There again, was it wise for the Czech premier and titular EU president to rubbish Barack Obama's fiscal blitz as the "road to hell"? That too comes ill from a leader who has just lost a no-confidence vote over his handling of the Czech economy. But the hapless Bohemian speaks for Europe, where Hooverism is written into EU Treaty law. Indeed, last week Brussels fired anathemae at Greece, Spain, France, Britain and Ireland, for breach of the 3 per cent deficit rule. We must retrench under Regulation 1466/97. Laugh not.
Germany's finance minister, Peer Steinbruck, is still digging in his heels against "crass Keynesianism". No matter that his economy will shrink 6-7 per cent this year. Germans must sweat it out: some more than others. Unemployment may reach five million in 2010. No doubt spending is a poor instrument, and we are all sick of bail-outs. But Mr Steinbruck might brush up on history. It was the deflation of 1930-1932 – not the hyperinflation of 1923 – that killed Weimar democracy. (Communists and Nazis won half the Reichstag seats in July 1932). The neo-Marxist Linke Party is already angling for 30 per cent in June's Thuringia poll.
You may agree with Mr Steinbruck. Fine. Capitol Hill does not. The most protectionist Congress since Bretton Woods is not going to acquiesce as precious US stimulus leaks abroad to the benefit of "free-riders". Patience will snap. "Buy American" is already US law.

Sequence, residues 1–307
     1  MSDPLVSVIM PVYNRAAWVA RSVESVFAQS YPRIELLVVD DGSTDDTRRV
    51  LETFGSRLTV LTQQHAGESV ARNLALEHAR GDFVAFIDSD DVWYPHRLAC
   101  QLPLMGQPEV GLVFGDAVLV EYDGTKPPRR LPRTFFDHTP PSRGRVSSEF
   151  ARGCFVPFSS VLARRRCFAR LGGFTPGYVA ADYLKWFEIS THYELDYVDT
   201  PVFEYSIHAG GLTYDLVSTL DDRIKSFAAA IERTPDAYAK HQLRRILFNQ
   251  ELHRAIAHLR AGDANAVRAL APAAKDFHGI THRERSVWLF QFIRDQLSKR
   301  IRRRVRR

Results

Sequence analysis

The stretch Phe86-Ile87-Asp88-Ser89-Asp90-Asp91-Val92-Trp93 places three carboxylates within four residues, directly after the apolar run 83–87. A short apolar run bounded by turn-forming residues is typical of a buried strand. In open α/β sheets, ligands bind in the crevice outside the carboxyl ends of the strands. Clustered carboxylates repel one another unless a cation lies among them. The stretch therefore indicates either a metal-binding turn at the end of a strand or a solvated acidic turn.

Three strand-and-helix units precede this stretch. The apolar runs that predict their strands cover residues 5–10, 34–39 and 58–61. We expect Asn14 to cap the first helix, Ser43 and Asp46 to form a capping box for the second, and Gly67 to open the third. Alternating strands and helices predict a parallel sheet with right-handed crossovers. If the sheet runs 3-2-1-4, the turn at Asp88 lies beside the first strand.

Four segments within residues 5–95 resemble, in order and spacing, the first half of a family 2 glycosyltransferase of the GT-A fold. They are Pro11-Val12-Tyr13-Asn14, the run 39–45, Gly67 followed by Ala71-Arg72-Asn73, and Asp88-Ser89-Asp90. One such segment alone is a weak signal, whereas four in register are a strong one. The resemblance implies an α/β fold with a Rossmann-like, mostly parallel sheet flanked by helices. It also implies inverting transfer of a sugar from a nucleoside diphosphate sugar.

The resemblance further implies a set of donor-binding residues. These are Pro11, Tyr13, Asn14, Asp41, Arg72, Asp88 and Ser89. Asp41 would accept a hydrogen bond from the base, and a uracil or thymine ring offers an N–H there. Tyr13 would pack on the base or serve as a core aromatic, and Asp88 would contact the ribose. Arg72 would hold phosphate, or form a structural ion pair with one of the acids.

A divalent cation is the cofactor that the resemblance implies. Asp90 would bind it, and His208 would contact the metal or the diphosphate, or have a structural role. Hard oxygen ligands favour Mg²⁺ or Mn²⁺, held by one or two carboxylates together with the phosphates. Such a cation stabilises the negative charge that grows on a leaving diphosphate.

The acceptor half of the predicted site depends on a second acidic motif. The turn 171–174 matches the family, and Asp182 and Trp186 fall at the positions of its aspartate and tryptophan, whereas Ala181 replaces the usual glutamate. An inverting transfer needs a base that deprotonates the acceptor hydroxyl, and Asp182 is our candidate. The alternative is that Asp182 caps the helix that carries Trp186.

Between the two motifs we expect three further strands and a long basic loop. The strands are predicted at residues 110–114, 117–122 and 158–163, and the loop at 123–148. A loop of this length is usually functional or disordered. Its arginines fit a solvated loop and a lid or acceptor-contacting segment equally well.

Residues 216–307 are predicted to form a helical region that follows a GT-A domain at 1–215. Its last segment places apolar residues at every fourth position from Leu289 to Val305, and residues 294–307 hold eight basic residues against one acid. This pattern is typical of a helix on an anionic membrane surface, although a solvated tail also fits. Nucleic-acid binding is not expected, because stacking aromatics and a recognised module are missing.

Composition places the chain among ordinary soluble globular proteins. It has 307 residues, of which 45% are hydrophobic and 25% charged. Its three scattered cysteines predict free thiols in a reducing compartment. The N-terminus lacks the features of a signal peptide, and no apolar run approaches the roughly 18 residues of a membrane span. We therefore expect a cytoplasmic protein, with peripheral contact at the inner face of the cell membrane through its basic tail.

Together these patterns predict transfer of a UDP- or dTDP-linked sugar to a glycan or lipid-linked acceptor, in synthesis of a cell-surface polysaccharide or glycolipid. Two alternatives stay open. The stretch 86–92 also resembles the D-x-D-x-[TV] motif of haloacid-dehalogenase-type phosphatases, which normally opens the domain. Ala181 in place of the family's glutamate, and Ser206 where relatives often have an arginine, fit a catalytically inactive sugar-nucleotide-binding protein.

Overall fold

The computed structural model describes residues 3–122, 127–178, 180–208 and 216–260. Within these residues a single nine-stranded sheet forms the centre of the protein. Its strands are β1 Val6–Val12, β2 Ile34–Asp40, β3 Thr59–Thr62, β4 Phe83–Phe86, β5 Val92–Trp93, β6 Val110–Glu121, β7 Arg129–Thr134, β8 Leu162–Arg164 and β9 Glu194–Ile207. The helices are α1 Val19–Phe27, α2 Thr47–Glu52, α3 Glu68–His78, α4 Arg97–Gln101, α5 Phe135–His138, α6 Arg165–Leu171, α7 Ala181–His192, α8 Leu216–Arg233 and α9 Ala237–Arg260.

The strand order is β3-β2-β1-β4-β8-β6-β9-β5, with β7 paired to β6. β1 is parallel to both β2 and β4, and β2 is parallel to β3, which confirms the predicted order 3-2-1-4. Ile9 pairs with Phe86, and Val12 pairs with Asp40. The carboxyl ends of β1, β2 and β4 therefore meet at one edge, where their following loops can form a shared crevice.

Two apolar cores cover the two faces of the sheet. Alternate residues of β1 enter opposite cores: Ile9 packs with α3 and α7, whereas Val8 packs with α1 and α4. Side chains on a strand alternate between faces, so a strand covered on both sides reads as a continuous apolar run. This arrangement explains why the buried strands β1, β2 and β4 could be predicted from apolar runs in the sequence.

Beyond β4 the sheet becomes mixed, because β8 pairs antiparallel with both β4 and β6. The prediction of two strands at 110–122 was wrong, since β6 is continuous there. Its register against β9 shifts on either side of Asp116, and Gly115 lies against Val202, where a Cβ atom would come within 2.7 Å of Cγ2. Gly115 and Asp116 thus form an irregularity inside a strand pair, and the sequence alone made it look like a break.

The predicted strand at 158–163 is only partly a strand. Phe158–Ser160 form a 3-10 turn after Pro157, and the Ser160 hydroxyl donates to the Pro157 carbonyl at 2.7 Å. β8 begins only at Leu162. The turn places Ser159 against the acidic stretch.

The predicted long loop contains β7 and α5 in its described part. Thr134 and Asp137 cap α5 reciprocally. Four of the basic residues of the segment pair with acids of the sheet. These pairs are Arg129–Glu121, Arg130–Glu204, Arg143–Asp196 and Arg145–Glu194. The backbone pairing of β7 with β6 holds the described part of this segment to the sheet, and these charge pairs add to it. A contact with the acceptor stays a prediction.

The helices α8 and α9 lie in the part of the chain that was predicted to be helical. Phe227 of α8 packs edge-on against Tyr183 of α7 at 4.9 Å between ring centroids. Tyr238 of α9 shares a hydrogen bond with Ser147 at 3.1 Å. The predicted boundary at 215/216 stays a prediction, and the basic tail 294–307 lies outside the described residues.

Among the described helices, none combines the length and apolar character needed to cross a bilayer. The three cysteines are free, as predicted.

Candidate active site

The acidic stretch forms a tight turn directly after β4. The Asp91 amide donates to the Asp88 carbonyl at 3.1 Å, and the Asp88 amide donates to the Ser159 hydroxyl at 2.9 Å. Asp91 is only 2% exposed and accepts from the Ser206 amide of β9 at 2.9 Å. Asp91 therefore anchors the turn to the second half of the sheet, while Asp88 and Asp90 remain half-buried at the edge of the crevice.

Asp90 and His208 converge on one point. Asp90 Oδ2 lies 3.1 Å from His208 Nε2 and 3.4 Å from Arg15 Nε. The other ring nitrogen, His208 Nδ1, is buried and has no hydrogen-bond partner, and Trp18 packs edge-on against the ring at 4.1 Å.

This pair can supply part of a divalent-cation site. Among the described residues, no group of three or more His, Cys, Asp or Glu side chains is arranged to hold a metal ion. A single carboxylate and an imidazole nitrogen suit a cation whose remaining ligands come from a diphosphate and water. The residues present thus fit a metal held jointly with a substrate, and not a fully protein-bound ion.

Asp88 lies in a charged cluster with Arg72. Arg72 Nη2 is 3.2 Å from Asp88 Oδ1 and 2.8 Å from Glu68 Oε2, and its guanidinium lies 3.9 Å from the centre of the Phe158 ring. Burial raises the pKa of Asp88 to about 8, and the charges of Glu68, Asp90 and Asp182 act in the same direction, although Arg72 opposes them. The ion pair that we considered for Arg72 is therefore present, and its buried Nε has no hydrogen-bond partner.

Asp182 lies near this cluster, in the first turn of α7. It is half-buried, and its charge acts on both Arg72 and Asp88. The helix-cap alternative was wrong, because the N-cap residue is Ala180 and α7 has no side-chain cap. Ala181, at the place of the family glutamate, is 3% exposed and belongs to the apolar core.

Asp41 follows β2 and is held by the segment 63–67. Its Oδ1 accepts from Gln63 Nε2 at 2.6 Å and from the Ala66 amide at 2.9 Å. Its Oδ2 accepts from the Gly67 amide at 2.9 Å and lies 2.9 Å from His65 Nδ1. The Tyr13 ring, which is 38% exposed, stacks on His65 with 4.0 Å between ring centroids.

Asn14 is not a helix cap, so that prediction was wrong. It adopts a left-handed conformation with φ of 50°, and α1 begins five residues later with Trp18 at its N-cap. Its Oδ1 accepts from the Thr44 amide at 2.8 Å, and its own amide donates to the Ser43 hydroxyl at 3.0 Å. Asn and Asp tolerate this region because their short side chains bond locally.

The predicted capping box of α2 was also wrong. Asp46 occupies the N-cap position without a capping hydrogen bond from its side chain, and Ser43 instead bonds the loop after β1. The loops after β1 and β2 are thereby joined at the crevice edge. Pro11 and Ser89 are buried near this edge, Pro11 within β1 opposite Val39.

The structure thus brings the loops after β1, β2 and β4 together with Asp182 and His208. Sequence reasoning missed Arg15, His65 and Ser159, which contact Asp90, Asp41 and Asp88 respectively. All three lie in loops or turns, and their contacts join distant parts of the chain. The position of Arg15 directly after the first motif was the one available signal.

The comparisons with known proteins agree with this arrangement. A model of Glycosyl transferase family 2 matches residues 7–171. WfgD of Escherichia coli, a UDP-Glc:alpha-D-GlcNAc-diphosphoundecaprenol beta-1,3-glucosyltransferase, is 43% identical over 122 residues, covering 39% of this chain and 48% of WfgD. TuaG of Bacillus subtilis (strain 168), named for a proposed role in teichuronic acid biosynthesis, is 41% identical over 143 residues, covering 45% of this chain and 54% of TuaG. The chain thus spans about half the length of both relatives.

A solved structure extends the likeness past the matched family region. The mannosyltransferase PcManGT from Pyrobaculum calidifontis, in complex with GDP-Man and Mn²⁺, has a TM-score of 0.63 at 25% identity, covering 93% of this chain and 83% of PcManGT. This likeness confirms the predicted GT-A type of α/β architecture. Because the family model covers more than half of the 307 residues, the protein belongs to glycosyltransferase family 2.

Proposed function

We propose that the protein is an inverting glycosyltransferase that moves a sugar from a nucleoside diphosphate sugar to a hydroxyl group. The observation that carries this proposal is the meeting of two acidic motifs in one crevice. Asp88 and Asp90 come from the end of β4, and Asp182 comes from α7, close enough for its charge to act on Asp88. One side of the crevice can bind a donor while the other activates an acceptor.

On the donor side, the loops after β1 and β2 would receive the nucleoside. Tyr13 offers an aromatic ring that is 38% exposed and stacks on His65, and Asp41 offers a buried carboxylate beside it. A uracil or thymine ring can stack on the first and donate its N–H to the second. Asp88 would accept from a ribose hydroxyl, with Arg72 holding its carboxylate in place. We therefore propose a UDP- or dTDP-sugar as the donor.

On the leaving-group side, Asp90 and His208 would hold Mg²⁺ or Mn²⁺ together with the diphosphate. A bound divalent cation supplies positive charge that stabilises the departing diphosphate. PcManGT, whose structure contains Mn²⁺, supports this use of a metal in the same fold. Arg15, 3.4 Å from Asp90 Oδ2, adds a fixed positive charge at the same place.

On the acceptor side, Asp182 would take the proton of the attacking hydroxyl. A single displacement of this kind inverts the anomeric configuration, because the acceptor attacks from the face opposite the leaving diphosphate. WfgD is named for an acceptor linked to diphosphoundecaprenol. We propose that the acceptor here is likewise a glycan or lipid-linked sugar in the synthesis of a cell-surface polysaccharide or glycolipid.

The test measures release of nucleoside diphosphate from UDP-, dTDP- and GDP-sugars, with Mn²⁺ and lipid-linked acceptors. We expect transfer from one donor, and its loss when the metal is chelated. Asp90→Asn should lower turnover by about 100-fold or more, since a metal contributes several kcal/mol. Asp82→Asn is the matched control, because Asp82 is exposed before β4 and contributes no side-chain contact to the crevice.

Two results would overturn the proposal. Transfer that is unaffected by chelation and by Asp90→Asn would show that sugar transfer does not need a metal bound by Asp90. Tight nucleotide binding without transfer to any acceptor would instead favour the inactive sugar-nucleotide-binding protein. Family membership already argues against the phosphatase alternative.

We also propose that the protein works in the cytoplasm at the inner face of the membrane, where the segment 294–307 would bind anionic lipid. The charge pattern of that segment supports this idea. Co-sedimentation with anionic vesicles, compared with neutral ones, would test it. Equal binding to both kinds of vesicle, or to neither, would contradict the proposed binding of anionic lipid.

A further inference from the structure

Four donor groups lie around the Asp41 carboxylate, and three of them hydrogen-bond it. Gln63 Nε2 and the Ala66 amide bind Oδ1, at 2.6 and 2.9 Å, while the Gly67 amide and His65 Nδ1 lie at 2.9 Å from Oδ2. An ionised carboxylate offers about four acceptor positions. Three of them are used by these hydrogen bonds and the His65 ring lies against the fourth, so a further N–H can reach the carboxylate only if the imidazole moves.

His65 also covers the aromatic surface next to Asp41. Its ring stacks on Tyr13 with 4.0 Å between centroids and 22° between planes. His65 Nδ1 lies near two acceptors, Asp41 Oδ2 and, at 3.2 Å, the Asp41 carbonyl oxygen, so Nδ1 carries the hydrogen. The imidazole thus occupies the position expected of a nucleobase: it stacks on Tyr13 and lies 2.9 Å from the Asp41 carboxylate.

The risk is that this G20 becomes the defining moment when a disgusted American political class – sorely provoked – turns its back on the open trading system. The US alone has the strategic depth to clear its own path, and might find eager partners in a "pro-growth bloc" – much as Britain led a reflation bloc behind Imperial Preference in the early 1930s. As the world's top exporters, Germany and China should take great care to restrain their body language this week.
Well done, Mr Brown, for trying to hold the world together. But if the summit degenerates into a shouting match between mercantilist creditors and prostrate debtors, it may serve only to frighten markets and tip us into the next – more violent – downward leg of this slump.